Don’t Rent Cook Inlet Anymore

By Becky Long

Updated: seven hours ago Published: seven hours ago

The US oil and gas industry is now established with more than 9,000 leases on federal public lands and waters that are already approved. But the vast majority is not used. Industry should first develop these leases before the Bureau of Ocean Energy Management, or BOEAM, offers further oil and gas leases on the outer continental shelf under the proposed OCS oil and gas lease program currently proposed by BOEM and the draft environmental impact statement.

The lower lease sale of Cook Inlet 267 is proposed in this five-year plan in 2026. No new leases are expected to occur. The no-action alternative is the best alternative.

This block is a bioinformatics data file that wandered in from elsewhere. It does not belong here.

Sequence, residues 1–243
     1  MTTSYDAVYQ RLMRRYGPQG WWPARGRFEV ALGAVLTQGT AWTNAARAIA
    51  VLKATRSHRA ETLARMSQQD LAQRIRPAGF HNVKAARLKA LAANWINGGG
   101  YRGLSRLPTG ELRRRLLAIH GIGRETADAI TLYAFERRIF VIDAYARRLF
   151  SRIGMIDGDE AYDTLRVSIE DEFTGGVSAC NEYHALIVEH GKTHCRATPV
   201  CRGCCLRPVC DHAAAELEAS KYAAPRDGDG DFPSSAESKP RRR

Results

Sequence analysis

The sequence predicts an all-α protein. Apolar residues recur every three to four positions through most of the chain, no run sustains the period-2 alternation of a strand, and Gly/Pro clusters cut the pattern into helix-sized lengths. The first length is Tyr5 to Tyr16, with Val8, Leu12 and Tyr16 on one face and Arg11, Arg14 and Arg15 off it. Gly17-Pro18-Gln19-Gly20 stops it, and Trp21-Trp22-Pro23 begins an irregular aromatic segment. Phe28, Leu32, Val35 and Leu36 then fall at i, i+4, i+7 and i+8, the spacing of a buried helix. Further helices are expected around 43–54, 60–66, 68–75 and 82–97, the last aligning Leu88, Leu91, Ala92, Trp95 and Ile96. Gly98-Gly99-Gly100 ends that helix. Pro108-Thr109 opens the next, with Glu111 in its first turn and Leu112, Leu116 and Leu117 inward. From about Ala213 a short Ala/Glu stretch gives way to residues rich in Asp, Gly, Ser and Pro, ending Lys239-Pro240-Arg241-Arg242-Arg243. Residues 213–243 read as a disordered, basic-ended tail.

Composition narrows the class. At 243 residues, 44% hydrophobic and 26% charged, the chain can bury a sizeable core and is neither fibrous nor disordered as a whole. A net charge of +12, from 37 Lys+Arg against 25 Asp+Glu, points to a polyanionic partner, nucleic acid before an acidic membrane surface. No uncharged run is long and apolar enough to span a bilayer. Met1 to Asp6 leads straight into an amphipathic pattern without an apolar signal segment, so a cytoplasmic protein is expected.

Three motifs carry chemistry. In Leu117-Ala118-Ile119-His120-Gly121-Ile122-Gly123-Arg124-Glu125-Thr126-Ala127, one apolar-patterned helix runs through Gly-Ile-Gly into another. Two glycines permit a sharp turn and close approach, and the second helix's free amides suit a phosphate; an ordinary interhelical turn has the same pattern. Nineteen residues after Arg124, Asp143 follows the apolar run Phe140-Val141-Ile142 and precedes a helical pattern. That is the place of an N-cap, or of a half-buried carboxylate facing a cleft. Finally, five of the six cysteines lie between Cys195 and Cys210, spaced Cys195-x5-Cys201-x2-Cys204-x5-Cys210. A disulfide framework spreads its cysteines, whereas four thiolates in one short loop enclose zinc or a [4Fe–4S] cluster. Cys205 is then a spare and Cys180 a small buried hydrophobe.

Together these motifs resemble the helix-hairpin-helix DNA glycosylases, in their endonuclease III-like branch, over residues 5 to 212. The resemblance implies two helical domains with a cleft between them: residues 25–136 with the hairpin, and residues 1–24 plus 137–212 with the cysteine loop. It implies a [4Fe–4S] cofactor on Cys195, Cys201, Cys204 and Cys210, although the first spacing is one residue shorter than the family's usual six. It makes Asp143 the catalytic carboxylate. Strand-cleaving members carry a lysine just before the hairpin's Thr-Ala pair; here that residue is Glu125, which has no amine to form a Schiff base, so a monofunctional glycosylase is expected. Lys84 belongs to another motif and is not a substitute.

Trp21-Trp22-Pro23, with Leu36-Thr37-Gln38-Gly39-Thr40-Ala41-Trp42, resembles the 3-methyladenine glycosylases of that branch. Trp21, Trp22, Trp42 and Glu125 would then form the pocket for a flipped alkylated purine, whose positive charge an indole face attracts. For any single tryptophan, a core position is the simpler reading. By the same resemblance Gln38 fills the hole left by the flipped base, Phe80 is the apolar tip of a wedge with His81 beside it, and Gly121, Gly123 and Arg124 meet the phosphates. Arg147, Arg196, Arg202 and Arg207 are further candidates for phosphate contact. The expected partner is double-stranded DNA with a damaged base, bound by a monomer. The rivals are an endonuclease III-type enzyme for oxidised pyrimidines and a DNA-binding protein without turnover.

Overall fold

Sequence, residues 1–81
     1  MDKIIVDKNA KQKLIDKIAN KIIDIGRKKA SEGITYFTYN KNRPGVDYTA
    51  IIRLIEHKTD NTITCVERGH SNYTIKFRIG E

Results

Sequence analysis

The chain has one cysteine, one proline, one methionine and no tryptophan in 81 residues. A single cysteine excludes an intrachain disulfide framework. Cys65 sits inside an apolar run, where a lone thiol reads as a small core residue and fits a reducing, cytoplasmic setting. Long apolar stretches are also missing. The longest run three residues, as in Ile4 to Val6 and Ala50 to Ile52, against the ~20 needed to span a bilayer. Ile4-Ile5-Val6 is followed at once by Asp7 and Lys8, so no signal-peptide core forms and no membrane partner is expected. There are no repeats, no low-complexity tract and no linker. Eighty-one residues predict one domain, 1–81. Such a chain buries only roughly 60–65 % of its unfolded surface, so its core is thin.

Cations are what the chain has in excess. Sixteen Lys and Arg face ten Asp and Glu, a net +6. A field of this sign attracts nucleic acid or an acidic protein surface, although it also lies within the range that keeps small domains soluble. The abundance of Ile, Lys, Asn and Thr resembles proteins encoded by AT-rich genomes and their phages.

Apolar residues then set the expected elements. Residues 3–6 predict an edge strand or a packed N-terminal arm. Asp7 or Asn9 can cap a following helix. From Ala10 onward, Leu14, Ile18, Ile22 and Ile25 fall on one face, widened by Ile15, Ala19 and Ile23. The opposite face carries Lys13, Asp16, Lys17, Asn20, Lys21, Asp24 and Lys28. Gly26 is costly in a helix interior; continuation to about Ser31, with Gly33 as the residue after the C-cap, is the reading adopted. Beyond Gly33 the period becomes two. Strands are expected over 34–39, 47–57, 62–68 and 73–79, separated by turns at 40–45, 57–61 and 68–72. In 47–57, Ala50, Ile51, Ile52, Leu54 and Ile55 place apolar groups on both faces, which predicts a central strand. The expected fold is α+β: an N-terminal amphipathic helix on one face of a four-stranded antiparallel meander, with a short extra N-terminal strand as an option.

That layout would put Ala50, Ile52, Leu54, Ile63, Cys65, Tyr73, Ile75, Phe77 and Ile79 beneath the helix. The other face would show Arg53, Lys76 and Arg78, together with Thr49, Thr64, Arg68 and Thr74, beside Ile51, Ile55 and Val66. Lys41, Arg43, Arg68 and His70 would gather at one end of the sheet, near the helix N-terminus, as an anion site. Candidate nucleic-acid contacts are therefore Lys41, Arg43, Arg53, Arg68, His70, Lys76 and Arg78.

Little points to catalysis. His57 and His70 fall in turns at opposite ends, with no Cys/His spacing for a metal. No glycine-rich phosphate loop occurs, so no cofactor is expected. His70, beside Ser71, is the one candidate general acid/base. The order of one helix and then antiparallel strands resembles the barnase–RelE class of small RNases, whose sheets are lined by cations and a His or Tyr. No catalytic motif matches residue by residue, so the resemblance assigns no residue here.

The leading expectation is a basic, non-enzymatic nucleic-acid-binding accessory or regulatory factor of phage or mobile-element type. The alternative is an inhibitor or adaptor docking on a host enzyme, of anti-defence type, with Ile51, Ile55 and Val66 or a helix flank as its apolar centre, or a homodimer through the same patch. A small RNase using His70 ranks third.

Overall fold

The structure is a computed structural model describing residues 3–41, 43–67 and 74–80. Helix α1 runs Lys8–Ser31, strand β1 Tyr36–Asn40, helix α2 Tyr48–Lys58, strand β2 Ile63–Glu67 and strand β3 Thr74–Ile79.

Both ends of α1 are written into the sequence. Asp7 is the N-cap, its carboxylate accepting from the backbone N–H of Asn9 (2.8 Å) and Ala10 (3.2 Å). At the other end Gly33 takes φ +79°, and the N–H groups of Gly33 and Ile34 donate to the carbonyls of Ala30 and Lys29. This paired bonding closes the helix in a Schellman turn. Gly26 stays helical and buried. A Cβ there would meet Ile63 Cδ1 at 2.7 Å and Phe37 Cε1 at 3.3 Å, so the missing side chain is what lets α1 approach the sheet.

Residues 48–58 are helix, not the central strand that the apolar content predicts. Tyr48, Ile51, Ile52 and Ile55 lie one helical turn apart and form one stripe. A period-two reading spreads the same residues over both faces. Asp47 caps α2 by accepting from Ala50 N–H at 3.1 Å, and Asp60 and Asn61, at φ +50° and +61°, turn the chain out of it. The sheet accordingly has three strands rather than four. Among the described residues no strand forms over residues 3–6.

I ask: where is the interest of the industry in all this? The industry is experiencing a decline in workers and jobs, due in part to automation. Investors are held back and reluctant to invest due to the many defaults in the industry and the recognition of the industry’s impacts on climate change. About a quarter of all US climate change emissions come from federal public oil and gas leasing.

I’m sick of the industrial moaners wanting more and more without even using what they have. In June of this summer, 110 square miles were leased on federal land in seven western states. I could talk endlessly about the negative effects on habitat, our fish and wildlife populations, quality of life, and pollution, to name a few. But the simple problem is that this proposed 5-year plan is an industry overrun. It’s useless. Please comment on www.regulations.gov by October 6 on BOEM-2022-0031-0001. There should be no new rentals in the lower Cook Inlet.

—Becky Long

Talkeetna

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